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Using finger, gently flatten dome part of eye.

Create iris with blue and black clay. Attach to white dome. Using needle or pin, poke small hole in top of gold circle to attach jump ring later. Set aside.

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For bracelet, roll out clay in color of your choice to about ¼ in. thickness. Using small letter stamps, stamp message in clay. Use a ball tool to gently remove any intents, if necessary. Using pin, poke two holes in bracelet, one on each side to attach chain or string. Gently form around wrist.

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Bake clay charm and message band according to clay package directions. Let cool completely.

*If you want to make the letters stand out, you can use paint or ink to help highlight the letters.

If desired, you can seal your charm and message band with Mod Podge or sealing spray.

For the band, I used an assortment of embroidery string. I just threaded it through each hole and braided it. Easy, peasy!

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I added my clay charm to the right side of my bracelet, but you can add it wherever you like.

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Enjoy your new bracelet!

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Celebrate creativity every Wednesday with a “Creativi-bee” post, where I share easy craft tutorials, project ideas, and craft collections.

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The Road to Anywhere Key Chain

The first time I read The Phantom Tollbooth was right before my 31st birthday. Crazy, I know! I received the book from my aunt as a gift and tore through it in one sitting. I loved the messages about the importance of the journey, as that’s something that’s been drilled into my head by my parents since I was a little girl.

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One of my favorite parts of the book was this quote: “There are no wrong roads to anywhere.” I thought it so perfectly summed up everything we were taught about exploring every possibility, whether that be metaphorical or literal. I actually loved it so much that I turned it into this cute little key chain!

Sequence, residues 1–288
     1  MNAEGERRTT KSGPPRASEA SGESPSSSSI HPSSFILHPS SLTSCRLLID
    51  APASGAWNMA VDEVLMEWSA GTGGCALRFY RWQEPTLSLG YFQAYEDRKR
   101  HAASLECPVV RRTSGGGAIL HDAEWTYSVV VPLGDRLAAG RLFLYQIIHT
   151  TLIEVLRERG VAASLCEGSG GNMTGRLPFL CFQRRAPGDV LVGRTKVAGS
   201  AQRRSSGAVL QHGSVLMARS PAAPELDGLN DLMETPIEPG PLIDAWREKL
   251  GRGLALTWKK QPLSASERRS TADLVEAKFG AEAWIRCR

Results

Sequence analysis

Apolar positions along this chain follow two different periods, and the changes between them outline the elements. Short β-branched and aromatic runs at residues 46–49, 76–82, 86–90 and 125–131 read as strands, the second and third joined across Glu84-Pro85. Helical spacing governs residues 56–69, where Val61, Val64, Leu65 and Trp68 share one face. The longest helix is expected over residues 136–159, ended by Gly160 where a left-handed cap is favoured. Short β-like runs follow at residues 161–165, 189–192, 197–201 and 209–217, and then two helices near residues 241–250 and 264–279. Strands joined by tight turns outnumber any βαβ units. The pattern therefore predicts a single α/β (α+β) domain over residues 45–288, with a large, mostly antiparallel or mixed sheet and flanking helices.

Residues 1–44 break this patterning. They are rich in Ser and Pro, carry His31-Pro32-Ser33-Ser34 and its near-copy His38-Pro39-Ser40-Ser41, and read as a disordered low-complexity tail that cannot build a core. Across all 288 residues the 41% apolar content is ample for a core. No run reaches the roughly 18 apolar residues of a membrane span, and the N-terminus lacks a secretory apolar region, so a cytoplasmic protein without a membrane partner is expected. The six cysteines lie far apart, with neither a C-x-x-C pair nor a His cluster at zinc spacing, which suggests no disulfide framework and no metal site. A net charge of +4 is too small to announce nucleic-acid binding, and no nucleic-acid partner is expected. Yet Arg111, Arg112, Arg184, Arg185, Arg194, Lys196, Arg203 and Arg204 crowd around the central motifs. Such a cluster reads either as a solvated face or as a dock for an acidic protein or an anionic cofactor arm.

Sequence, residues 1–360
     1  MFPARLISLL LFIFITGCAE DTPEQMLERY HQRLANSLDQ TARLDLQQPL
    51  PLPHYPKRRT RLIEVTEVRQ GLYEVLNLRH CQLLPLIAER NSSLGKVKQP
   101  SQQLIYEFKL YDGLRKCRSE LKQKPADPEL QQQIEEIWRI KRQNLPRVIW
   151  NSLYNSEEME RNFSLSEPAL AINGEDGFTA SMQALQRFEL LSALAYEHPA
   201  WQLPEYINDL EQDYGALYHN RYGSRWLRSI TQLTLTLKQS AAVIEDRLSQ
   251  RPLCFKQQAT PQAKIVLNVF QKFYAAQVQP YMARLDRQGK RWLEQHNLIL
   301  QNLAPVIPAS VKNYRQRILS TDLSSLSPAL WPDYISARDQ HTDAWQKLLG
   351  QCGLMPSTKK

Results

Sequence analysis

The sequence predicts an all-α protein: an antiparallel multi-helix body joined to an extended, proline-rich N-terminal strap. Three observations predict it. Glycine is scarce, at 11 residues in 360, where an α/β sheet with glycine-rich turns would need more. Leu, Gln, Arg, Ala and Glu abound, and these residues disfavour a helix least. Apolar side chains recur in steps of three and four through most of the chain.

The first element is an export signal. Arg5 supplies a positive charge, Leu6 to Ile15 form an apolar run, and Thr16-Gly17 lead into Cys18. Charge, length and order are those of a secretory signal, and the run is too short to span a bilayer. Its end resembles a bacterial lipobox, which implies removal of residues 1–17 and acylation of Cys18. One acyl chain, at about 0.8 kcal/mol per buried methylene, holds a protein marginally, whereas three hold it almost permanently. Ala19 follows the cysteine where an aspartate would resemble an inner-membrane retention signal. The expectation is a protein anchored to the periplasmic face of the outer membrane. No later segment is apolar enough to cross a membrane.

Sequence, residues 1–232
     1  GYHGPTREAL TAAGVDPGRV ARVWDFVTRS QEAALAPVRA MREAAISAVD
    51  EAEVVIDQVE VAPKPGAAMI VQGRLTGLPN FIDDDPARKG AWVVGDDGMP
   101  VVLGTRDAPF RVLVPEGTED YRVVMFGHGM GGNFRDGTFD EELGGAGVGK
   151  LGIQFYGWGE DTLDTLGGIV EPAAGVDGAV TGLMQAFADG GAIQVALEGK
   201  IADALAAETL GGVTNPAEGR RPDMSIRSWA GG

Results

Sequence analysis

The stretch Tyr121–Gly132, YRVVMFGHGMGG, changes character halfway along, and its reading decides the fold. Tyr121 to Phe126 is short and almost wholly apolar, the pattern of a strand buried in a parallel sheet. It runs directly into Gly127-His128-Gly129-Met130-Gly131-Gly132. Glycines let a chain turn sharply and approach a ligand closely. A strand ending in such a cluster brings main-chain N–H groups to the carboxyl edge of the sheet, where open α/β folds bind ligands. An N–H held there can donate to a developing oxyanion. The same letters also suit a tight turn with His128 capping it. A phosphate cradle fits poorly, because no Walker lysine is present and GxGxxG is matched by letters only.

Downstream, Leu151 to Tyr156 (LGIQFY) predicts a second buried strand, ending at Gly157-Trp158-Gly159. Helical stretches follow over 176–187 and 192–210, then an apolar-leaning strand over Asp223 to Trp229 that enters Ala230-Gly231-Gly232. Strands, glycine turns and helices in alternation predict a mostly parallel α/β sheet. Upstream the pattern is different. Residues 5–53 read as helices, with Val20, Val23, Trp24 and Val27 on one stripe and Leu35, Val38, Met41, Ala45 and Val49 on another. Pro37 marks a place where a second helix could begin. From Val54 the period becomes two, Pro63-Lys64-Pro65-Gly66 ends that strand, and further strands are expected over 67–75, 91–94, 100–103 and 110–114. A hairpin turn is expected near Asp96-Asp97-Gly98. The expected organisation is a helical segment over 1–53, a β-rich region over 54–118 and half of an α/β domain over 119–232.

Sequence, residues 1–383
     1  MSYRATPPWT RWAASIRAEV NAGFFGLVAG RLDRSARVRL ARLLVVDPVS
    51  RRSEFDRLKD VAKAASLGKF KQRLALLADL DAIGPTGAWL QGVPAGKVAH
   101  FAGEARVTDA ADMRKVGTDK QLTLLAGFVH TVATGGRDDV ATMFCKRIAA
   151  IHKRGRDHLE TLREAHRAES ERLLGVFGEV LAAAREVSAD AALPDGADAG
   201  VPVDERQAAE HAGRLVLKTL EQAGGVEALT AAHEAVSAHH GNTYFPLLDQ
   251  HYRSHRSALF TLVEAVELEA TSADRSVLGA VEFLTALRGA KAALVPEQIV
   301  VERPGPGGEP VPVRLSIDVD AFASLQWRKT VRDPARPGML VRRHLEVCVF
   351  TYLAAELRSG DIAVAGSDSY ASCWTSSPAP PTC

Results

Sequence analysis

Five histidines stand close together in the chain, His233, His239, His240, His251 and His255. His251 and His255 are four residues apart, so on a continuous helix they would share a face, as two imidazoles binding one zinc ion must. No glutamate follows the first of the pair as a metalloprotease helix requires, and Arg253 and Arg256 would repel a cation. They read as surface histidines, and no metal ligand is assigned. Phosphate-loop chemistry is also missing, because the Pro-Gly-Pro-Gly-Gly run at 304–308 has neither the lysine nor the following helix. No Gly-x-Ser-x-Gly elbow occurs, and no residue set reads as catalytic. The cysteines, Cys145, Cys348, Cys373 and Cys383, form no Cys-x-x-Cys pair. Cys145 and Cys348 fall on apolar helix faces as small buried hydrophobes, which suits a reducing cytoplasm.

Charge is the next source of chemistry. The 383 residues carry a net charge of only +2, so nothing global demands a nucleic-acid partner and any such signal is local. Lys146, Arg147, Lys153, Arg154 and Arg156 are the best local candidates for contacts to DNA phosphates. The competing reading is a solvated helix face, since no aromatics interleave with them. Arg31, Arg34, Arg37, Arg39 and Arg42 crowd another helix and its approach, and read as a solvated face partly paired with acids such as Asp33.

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Complete with a key charm to better convince you to hop in the car and just see where it takes you, this key chain makes a great gift for a graduate or someone about to embark on a new life-changing journey.

Made using polymer clay, this charm is surprisingly light-weight, durable, and super easy to make!

The Road to Anywhere Key Chain

Materials:

  • Polymer clay in desired colors (I used two shades of purple clay)
  • Small rubber letter stamps (I found mine in the dollar bin at Michaels)
  • Pen or toothpick
  • White paint
  • Key charm
  • Key ring
  • Paper towel
  • Mod Podge
  • Foam Brush

Instructions:

  1. To create the clay circle, I marbleized two purple clay colors together. Once marbleized, form into a circle, measuring about 2 in. across and 1/4 in. thick.
  2. Use your rubber letter stamps to stamp in your message.
  3. Using a pen or a toothpick, create the hole at the top of your charm for the key ring.
  4. Bake your clay charm following the directions for whatever clay you’re using.
  5. Once cooled, place a small amount of white paint on your paper towel. Quickly rub it over the letters, then rub as much of the paint off as you can, leaving the paint to sink into the stamped letters. This takes some practice, but if you mess up, you can use nail polish remover to take the paint off and try again.
  6. Let your paint dry, then seal it in with a coat of Mod Podge.